Firstly, the act of registering was primarily to affirm the principle that political decision making should be plebiscitary and involve as many people as possible and not just a minority of activists or an elite of cadres and professional politicians. Of course on- line voting is not the same thing as direct democracy, but it can inject some element of public participation into what is otherwise a pretty inert and self-regarding process. The digital commons can certainly provide a house for pop up parliaments, a time- delimited space of deliberation and debate which is neither fully public, in the sense of being accessible to all irrespective of their views (like a referendum or poll) ), nor the private preserve of an elective affinity group. The boundaries of this discursive space are inevitably difficult to define and it is not surprising that the party got in a bit of a muddle and ended up excluding many of the people it is actively seeking to recruit, e.g. Greens and Ukippers.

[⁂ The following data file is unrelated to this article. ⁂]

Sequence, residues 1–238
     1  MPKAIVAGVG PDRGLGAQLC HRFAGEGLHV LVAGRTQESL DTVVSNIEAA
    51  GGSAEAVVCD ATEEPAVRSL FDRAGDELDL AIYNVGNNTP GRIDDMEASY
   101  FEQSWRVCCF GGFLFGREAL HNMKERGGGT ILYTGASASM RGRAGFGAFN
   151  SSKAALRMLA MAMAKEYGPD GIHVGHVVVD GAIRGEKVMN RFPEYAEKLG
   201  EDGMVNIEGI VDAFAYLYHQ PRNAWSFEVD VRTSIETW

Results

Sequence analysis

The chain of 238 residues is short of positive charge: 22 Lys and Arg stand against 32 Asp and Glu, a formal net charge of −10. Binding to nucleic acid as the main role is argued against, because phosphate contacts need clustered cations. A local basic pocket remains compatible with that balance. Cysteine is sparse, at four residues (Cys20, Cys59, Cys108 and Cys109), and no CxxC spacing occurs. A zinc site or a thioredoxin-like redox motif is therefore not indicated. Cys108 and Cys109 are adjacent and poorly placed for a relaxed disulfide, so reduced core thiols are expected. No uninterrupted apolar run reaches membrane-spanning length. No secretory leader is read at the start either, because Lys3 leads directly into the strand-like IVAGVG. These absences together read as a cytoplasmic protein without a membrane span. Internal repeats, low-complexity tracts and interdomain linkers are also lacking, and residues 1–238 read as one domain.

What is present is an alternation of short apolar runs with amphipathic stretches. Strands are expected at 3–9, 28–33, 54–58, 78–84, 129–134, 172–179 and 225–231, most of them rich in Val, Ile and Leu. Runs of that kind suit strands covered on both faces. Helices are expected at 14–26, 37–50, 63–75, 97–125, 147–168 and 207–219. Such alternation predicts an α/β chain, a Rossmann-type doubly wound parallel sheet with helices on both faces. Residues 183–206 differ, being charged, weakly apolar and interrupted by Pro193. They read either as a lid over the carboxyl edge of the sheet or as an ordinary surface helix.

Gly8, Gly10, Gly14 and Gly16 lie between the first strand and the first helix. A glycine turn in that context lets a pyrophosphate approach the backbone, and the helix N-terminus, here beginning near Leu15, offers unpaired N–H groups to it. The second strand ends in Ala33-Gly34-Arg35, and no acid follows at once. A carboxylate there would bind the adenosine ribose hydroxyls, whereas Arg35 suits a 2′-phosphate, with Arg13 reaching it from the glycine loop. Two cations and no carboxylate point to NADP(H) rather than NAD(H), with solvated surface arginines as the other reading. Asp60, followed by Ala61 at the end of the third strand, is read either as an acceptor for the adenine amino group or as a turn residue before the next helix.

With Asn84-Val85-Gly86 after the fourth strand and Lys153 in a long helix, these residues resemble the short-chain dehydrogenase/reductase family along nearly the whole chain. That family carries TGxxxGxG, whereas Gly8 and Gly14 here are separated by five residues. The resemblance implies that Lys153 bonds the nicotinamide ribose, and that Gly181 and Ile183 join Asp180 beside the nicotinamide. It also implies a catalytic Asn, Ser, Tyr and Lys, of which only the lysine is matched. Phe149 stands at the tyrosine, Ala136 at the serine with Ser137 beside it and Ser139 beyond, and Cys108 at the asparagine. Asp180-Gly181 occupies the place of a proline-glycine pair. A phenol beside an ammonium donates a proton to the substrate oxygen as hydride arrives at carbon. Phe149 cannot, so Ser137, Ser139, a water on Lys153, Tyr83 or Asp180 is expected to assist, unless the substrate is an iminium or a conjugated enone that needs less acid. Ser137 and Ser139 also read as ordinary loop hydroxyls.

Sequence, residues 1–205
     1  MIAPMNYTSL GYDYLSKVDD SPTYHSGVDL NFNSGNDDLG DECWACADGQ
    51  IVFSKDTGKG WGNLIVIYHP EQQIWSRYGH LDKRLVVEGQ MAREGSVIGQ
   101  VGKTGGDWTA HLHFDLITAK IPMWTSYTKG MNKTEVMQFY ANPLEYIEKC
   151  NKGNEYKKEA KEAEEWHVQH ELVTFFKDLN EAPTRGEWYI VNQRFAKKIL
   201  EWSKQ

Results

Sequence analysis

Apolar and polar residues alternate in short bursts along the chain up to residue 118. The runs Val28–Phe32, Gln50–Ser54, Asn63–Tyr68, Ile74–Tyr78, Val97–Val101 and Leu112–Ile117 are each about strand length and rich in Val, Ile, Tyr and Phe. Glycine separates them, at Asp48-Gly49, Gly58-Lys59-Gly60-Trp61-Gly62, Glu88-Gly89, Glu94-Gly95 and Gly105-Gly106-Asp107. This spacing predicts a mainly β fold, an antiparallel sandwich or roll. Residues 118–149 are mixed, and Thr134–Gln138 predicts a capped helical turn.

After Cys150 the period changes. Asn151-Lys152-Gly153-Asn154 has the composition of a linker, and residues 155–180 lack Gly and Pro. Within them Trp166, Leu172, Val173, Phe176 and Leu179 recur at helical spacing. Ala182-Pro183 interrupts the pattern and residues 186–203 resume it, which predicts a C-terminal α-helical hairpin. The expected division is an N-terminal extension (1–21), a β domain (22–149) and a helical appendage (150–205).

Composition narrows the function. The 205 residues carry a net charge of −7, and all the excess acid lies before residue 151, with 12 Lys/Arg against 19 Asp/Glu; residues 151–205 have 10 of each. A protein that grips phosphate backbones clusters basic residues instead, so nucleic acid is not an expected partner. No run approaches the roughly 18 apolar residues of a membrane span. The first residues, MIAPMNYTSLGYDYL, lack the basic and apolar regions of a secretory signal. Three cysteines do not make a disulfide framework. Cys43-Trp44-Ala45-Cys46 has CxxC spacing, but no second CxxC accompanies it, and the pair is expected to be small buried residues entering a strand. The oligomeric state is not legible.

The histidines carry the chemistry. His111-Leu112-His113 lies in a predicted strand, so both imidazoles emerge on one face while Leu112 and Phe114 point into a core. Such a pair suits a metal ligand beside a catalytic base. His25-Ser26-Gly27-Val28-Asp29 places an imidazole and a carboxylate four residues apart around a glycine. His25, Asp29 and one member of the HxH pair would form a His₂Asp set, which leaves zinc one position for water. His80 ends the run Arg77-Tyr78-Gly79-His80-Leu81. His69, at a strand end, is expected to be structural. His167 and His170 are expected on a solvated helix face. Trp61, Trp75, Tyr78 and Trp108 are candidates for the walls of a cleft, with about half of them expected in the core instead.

This could have been largely avoided if those registering had been required to jump through a few more hoops, like having fill out a questionnaire about their values and beliefs and their reasons for wanting to participate in the election. This would have weeded out all but the most determined entrists.
In general the advent of social media into the political arena has created a potential platform for connecting particular demands and single issue campaigns to a wider sense of dissatisfaction at the failure of the political class system to keep election promises and deliver the goods. Used in a strategic way social media can serve to enfranchise groups, like young people, who are alienated from institutionalist politics, putting into circulation more or less populist memes, which are, however, highly unstable in their ideological significance and are open to rival articulations by the Left as well as the Right. Social media are not a panacea for dealing with withdrawal from civic engagement, they do open up new spaces of deliberation which bypass some of the bottlenecks created by bureaucratised forms of representative democracy.
Populism and Charisma